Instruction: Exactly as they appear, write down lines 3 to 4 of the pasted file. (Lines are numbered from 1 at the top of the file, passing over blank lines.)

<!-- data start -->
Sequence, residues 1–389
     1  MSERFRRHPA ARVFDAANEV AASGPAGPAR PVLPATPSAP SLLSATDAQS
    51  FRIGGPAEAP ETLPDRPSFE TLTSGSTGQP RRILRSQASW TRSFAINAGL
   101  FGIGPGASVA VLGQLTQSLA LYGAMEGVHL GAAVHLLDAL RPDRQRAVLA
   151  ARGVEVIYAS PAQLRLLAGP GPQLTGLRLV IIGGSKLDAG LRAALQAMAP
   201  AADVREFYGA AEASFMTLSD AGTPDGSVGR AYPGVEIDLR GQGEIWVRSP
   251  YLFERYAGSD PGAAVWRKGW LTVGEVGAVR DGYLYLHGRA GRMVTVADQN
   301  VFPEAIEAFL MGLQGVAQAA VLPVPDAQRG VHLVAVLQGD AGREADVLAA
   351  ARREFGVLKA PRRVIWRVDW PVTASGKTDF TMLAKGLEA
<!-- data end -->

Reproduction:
    51  FRIGGPAEAP ETLPDRPSFE TLTSGSTGQP RRILRSQASW TRSFAINAGL
   101  FGIGPGASVA VLGQLTQSLA LYGAMEGVHL GAAVHLLDAL RPDRQRAVLA